How to Drive Your RC Tanks

Choose a tank. Realistic scale models of many different tanks are available, from the old Tigers and Shermans of World War II, to the most modern mobile armor in the world today. They range in price from around $20 (US) to several hundred, depending on the features and quality of your selection.

Find a suitable location for your outing. Firm clean ground with some contours and plenty of open space is your best choice for learning the ropes of this sport. Grass and weeds can jam the tracks of your vehicle, and soft, sandy soil will cause trouble with the gears that drive them.

Charge your batteries. This step doesn’t apply to fuel operated RC vehicles, and this topic focuses on electrically operated models. For vehicles with Ni-Cad recharged batteries, make sure the first charge is complete before disconnecting the charger. Note that some RC vehicles operate on alkaline batteries, typically AA size, but because they use a lot of power, buying rechargeable batteries in the appropriate size is recommended for these, also.

Install the battery in the remote controller. These are usually 9 volt transistor batteries, and because the power drain on the controller is relatively small, using a quality, disposable battery for this purpose is not cost prohibitive.

Set your tank in a level, open area. This will allow you to get the feel for the controls. Most tank controllers have two small joysticks for steering, and they may take a little getting used to.

Push the steering/drive controls forward slowly at the same time. The tank should begin to roll along. Operate in a straight line for a little while to get the hang of straight travel and to develop a sense of the vehicle’s speed. Many of these travel at deceptively fast speeds.

Turn the tank by pulling the joystick on the side you are turning toward back, doing so slowly to begin with. This should cause the track on turning side to travel at a slower speed than the opposite track, causing the tank to begin to turn. Pulling the stick back beyond the neutral point on the control will cause that track to counter-rotate, spinning the tank in a realistic motion. Pulling both sticks backward at the same time will cause the tank to reverse its direction of travel.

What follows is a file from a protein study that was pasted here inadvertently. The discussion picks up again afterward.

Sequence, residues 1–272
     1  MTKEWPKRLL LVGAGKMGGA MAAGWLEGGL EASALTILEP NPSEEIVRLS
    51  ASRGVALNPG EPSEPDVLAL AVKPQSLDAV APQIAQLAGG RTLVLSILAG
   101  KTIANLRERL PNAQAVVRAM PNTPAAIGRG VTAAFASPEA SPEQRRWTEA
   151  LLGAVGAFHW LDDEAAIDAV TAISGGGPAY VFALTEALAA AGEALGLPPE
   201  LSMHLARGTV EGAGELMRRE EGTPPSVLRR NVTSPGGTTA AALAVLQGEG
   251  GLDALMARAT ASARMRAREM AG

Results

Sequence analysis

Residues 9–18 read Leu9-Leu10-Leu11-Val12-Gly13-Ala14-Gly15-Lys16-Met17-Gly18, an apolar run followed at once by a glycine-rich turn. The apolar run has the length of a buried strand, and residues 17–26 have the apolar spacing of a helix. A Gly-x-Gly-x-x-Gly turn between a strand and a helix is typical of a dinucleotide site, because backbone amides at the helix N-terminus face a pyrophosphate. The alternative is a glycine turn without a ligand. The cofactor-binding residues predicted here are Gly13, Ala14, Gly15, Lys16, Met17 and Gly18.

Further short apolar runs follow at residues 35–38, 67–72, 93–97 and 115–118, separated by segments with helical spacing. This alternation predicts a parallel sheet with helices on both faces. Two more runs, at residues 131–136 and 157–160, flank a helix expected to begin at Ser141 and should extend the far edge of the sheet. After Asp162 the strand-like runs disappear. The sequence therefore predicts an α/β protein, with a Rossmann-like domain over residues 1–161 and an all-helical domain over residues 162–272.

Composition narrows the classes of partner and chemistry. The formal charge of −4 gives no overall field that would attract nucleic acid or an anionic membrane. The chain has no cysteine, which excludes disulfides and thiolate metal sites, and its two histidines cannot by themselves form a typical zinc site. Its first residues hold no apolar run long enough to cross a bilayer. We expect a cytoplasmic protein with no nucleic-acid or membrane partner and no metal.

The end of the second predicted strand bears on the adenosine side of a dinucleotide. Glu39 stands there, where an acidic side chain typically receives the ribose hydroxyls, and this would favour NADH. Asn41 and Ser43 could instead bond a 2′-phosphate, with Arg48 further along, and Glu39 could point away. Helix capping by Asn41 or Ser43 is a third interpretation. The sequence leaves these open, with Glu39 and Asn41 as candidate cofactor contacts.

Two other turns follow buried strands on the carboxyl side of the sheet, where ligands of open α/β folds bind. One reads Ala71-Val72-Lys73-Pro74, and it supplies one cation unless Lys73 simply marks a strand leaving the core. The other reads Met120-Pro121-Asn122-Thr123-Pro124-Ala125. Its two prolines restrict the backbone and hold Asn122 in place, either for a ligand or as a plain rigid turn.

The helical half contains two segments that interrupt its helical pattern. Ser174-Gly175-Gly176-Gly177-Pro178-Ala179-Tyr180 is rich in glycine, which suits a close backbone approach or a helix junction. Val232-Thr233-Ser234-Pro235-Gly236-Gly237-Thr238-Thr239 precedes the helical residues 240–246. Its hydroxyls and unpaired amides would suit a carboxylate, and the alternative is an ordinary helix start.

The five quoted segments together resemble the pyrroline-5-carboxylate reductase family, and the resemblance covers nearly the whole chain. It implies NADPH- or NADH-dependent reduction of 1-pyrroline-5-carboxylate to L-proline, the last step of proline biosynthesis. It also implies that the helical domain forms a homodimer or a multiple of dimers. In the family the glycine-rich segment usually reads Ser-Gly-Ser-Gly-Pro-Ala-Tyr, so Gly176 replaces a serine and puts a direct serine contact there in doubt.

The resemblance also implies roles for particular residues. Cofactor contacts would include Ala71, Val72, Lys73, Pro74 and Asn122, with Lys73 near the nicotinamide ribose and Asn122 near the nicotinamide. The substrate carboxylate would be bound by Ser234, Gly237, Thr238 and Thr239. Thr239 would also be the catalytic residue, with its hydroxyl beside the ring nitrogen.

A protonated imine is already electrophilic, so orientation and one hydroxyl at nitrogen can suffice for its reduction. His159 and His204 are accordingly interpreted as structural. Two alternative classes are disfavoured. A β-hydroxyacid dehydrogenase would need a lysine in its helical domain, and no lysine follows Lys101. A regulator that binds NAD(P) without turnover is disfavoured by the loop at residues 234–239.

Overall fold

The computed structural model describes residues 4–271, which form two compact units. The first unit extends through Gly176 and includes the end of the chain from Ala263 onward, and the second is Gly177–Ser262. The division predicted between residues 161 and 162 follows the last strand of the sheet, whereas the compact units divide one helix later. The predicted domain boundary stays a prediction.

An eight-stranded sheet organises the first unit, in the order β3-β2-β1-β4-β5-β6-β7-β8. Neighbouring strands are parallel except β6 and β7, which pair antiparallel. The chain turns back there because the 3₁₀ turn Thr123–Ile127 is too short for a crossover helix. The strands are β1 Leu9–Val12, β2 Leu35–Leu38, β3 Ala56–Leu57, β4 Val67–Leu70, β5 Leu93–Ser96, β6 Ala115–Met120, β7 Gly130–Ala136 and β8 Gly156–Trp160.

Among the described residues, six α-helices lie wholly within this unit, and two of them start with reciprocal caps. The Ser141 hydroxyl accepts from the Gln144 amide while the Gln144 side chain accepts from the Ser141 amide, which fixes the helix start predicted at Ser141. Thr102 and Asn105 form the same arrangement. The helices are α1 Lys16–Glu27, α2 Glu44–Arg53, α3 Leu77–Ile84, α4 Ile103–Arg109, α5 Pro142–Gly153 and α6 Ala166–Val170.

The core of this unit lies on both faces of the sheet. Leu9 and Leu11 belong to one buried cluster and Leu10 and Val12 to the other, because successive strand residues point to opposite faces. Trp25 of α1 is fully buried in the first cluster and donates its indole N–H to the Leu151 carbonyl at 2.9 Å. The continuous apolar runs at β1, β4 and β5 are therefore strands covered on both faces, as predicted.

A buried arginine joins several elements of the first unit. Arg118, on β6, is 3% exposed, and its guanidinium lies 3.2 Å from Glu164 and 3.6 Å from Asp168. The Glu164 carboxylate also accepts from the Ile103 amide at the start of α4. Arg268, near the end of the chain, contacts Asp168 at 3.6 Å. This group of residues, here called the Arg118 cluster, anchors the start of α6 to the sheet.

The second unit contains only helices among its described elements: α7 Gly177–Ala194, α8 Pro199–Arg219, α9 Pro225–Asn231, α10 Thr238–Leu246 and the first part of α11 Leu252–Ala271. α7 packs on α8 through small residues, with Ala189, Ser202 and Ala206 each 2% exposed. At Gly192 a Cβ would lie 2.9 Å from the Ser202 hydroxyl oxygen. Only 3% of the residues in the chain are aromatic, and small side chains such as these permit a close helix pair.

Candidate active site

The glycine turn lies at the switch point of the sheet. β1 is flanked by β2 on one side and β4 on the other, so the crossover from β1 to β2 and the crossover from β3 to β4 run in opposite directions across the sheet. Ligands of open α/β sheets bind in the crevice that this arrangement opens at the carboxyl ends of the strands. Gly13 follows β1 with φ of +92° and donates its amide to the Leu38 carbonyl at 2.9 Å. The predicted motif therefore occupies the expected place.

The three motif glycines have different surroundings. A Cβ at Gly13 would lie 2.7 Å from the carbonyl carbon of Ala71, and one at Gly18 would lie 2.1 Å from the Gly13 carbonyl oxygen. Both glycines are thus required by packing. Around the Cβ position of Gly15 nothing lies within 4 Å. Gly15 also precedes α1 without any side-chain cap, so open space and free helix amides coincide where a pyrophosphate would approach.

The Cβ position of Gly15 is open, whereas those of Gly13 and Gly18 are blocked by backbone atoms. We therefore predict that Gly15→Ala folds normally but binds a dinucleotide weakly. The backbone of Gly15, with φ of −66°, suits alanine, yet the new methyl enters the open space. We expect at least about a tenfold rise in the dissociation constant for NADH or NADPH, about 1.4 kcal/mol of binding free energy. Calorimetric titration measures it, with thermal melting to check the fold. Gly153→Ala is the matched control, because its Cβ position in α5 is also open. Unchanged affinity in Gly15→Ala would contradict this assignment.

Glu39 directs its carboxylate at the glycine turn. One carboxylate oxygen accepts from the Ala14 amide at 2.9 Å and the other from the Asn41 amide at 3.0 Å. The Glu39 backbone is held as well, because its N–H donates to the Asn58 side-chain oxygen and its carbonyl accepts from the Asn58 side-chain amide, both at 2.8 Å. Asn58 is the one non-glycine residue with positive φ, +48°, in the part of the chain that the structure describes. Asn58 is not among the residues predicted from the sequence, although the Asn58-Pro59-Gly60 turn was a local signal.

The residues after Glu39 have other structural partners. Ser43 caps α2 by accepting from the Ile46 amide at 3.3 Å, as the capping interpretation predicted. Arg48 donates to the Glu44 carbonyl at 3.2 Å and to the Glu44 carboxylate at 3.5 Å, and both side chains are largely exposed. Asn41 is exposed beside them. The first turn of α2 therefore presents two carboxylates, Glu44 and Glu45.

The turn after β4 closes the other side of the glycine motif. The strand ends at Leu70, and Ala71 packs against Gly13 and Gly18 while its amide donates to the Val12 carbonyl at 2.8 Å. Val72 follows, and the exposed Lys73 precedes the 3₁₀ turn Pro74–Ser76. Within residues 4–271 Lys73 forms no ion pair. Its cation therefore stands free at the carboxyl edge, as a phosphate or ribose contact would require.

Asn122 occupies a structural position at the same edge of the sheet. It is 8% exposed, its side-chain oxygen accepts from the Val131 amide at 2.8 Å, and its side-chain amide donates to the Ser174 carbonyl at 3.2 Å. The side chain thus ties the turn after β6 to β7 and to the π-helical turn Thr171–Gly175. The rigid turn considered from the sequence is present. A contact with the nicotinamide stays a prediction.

Become familiar with the other functions of your tank. Most have a rotating turret, and may have separate joysticks for turning it, or two buttons, one for clockwise, the other, counterclockwise rotation.

Check other operations your tank can perform. Some fire laser beams for playing high-tech laser tag with other RC machines, some fire plastic shells or soft air bullets. Setting targets for these guns makes the process more interesting, and increases the skill you will acquire for your hobby.

Practice climbing and circumventing obstacles with your tank. Depending on the power of the drive motors, you may be able to climb steep grades, cross very rough terrain, or sprint quickly across open areas.

Clean the tank’s tracks and gears when you are finished. Make sure all power switches are in the off position, and remove batteries so they can be recharged for the next outing.

Leave your battleground clean when you are finished. It is always preferable to leave it cleaner than you found it!


  • Keep the tank and controller clean and dry.
  • Fully charge the batteries soon after each use.
  • For battery operated vehicles that use AA batteries, invest in rechargeable ones.
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